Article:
images of youth - the year behind, the year ahead

we live in a moment of unparalleled communicative accessibility and information dissemination. youth, so often the object of maligned commentary and political concern, are leading the charge in new modes of expression, purposes for communication, and representations of self.  yet, all too often, the stories we see in the popular press about young people are ones that highlight the exceptions and not the norm.  that is, we see reported several instances of youth using social networking to plan mass chaos and ultimately inflict harm on others.  yes, this does happen and yes we hear about it.  but how often do we hear about the use of media and technologies by youth to engage in social action?  for inspiring stories, see below:

A positive face of youth in the media - Today's Youth-Led Media Summit brings together enthusiastic young people from around the UK who want to determine their future role – and dispel the image of dangerous hoodies

Youth Radio - Youth Radio was founded in 1990 on the deeply held belief that underserved youth, ages 14-24 years old, have the creativity, technical skills and entrepreneurial spirit to become leaders in the multi-media industry and the community and to serve as mentors to other youth.

new book about harlem, youth, and multimodal literacy - In her new book, Valerie Kinloch investigates how the lives and literacies of youth in New York City’s historic Harlem are affected by public attempts to gentrify the community.  Kinloch engages the perspectives of two young men who use documentary and video making to guide their collaborative inquiry.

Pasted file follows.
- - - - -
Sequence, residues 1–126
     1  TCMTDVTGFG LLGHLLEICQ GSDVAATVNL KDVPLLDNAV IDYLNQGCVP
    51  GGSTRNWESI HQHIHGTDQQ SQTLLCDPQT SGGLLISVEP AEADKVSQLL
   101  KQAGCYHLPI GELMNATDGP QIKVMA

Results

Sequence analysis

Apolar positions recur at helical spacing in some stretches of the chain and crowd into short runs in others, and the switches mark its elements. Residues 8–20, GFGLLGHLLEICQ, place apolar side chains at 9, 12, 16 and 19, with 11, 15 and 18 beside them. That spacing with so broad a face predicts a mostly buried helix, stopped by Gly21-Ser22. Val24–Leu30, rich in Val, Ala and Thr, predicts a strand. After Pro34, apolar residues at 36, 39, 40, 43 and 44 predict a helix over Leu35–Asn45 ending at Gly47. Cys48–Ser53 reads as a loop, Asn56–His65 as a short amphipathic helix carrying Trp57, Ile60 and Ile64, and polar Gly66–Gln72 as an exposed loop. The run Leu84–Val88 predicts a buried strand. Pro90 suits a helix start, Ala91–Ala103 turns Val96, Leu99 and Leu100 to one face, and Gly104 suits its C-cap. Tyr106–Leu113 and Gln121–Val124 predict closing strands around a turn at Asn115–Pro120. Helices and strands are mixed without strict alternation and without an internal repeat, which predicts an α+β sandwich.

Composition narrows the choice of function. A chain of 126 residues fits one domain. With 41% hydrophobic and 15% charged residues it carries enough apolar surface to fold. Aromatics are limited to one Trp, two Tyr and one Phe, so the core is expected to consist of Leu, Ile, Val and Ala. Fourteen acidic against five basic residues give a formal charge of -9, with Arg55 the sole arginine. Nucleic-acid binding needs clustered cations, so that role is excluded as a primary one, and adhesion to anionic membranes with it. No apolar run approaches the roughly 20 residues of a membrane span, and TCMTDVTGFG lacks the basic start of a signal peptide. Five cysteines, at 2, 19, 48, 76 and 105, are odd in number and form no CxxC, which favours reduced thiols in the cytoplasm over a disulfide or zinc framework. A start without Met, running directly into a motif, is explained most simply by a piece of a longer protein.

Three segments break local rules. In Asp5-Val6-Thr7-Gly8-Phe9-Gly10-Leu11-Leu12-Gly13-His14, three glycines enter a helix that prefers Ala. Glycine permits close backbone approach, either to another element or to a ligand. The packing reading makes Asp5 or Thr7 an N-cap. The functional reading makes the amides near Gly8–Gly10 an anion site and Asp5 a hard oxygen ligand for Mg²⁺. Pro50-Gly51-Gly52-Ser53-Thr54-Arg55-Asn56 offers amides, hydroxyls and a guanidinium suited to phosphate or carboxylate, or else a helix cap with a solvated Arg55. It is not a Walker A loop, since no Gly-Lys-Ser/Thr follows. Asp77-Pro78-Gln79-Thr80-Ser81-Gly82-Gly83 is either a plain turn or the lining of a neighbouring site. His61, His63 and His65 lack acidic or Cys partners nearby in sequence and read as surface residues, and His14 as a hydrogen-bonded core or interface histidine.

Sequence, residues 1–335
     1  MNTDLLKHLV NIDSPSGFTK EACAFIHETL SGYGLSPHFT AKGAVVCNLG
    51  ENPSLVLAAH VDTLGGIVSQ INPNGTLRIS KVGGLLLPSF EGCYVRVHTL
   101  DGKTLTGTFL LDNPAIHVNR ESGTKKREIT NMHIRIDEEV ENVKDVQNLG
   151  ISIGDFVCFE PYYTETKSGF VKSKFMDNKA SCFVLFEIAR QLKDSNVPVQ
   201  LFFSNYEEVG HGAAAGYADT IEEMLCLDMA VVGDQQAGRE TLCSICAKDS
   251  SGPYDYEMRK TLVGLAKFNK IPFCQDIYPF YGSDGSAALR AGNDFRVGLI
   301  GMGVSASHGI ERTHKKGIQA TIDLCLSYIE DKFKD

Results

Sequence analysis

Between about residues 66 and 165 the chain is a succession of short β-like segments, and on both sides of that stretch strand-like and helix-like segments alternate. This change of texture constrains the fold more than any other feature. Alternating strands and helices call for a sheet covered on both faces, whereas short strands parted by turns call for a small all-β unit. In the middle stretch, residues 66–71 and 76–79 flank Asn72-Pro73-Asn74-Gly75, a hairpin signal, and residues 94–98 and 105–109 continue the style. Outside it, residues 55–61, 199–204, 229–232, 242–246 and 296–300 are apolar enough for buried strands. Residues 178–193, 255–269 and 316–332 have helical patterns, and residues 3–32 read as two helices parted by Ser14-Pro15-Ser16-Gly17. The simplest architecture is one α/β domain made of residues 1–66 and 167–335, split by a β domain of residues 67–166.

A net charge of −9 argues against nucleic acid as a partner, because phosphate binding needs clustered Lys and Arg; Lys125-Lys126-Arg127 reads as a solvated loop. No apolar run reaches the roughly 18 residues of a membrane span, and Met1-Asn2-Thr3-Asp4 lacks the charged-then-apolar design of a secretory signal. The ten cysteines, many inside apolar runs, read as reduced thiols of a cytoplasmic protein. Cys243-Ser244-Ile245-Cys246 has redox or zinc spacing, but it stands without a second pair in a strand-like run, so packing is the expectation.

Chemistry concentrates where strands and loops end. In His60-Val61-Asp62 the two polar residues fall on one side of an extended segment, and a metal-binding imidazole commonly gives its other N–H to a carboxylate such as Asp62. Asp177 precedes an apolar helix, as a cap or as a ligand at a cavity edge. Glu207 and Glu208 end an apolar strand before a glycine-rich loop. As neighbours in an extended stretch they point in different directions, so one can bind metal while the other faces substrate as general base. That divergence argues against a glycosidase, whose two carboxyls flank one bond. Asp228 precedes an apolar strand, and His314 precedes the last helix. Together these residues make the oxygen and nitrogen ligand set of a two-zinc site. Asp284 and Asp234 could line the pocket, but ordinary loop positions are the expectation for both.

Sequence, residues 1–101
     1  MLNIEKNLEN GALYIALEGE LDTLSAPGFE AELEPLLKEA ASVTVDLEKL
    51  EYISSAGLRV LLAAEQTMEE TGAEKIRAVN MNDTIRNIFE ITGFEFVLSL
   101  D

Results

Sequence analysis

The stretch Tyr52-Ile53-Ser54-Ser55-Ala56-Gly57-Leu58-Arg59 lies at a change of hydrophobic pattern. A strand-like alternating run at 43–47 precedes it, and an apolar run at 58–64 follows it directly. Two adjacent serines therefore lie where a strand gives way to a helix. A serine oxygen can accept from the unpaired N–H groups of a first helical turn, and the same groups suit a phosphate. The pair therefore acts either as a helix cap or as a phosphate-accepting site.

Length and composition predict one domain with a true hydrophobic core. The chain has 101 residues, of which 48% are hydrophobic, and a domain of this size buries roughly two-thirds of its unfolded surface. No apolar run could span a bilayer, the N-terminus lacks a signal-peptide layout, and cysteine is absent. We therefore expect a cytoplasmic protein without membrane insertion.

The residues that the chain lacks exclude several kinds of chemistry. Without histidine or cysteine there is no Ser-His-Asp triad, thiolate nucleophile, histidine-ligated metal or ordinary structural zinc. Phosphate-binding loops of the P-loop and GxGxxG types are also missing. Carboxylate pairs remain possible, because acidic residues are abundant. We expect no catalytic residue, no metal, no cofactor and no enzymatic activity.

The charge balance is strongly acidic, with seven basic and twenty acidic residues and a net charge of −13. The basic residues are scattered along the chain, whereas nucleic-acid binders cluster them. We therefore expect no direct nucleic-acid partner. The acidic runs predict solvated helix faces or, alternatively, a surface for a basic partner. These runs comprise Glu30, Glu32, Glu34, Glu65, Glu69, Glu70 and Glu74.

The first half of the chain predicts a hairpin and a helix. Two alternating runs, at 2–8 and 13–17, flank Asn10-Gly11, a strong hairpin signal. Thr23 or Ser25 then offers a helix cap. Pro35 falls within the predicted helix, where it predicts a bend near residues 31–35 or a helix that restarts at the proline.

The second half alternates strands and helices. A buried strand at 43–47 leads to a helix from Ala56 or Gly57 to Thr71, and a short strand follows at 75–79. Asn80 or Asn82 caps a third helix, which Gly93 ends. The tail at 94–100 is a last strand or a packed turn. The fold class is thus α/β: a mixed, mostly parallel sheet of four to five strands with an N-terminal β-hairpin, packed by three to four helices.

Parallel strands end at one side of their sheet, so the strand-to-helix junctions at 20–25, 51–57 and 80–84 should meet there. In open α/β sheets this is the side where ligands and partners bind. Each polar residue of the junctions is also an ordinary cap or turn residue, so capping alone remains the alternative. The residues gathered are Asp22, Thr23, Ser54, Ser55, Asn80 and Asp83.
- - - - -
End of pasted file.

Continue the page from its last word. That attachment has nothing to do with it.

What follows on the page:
Adobe Youth Voices/ Listen Up! in India - In November the Listen Up! team traveled to India with our Adobe Youth Voices partners to to work with teachers and students in documentary and animation filmmaking.

America's Youth Speak Out - America's Youth Speak Out is the only youth produced national public service campaign. More than 4000 young people across the country are producing public service messages dealing with issues that are important in their lives and communities.

Youth video conference highlight: The Choose to Be the Change youth video project highlighted the Northern Ontario First Nations Communications Conference

what i hope for in the year to come are what michelle fine has referred to as "audiences that are worthy" - an interpretive context for the words, images, stories, and storying by youth that embraces a generous and generative posture.  having worked with youth to produce numerous of varied artifacts in which young people make themselves vulnerable, i am particularly committed to seeking, finding, and creating meaningful audiences for the narrative insights embodied by these artifacts.  may 2010 be the year to start/continue this work more effectively...



new york: task force on transforming juvenile justice - *now* can we imagine a new way??